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Benton County Town Ordinances At Odds With Returning Soldier And His Dog

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An Army veteran wants to move to Indiana once his military contract is over. Problem is: one member of his family isn’t welcome.

Wayne Tibbett has an emotional service animal named Zorro.

But Zorro is a pit bull and the communities Tibbett wants to move to prohibit owning that breed of dog.

More Than Man’s Best Friend

Elaine Stone is counting down the days until her daughter’s family comes home to the Hoosier state.

“I haven’t been close to my daughter for almost four years,” Stone says. “So, I can’t wait for my whole family to be together again.”

Her son-in-law Wayne Tibbett is stationed in New York and his military contract ends in May.

That’s when he plans to move his family back to Benton County, to the small town of Fowler or Oxford.

But both communities have ordinances that prohibit owning ‘vicious dogs’ –  specifically pit bulls.

The town of Oxford prohibits owning pit bulls.

That’s a problem for Tibbett because he has Post Traumatic Stress Disorder and his pit bull Zorro has become much more than a man’s best friend.

“When Wayne gets upset or nervous or anxious, like when he goes in big crowds or a lot of people or a lot of confusion, his anxiety kicks up,” Stone says. “And, he’ll go home and just be with the dog and the dog helps him out so much.”

Service Animal Vs. Emotional Support Animal

Zorro is considered an emotional support animal, which is different from a service animal.

“A trained service animal recognizes and then responds and serves to stop the individual from repetitive or harmful behaviors or gets them away from that particular environment by nuzzling the individual or whatever the animal has been trained to do,” says Peter Berg, Technical Assistance Coordinator at the Great Lakes ADA Center.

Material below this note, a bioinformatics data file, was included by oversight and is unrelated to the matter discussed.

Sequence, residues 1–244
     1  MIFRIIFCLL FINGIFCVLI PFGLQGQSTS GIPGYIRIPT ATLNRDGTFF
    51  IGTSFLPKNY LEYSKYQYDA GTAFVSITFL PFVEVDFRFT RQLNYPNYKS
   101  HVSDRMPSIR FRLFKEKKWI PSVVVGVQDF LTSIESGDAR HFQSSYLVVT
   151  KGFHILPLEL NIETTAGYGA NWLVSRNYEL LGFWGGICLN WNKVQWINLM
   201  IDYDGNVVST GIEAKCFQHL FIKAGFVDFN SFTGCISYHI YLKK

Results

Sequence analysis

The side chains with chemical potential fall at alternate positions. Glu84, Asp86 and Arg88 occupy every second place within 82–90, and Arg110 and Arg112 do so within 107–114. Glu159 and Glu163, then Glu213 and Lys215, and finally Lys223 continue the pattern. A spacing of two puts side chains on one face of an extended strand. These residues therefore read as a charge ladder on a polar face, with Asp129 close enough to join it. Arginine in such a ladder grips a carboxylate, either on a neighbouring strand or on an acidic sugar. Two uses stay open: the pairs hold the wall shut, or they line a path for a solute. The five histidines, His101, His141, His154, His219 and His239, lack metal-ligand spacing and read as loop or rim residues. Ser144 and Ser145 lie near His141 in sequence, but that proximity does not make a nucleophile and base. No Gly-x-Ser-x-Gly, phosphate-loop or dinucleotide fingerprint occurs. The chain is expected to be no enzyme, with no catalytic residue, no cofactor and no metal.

That distinction is important because while emotional support animals aren’t protected under the Americans with Disabilities Act, they are under the Fair Housing Act.

And Berg says that means Tibbett can bring Zorro to town.

A city or town may need to modify a housing ordinance that may limit a breed of dog that can reside in that town or that people can have in that town under the Fair Housing Act,” Berg says. “What gets confusing is that the town would only be required to modify as it relates to allowing the individual to have the animal in their home. The town wouldn’t have to allow the individual to then take the animal out in public.”

Shifting Away From Breed-Specific Legislation

Several of Indiana’s largest cities have moved away from breed-specific legislation – that includes Indianapolis, Fort Wayne and Bloomington.

The city of South Bend just changed its ordinance last year, shifting the language from being breed-specific to behavior-specific.

“Any dog can be aggressive if it’s unaltered, if it’s untrained, under socialized, unsupervised,” says South Bend Councilwoman Valerie Schey. “And, so, really good animal care and control law should be written to address those issues.”

Schey ran on a platform to update the city’s antiquated animal control laws.

She says since the new ordinance went into effect, there haven’t been any major issues.

And the animal shelter’s euthanasia rate has dropped 16 percent over the past two years.

“A lot of these wonderful dogs that happen to be pit bull mixes are now getting a chance to be a loving family companion,” Schey says. “And, that’s what means the most to me.”

Back in Oxford, Elaine Stone is waiting on paperwork from her son-in-law’s doctor so she can go before the town council and ask them to allow Zorro in town.

She just wants her family to come home – pit bull and all.

These vets have done so much for everybody. They have committed their lives to the military to protect us and this is how they’re treated?” Stone says. “It’s not fair. He just wants to come home and have a nice life. And, we’re finding so many problems.”

Town officials in Oxford and Fowler declined to comment for this story.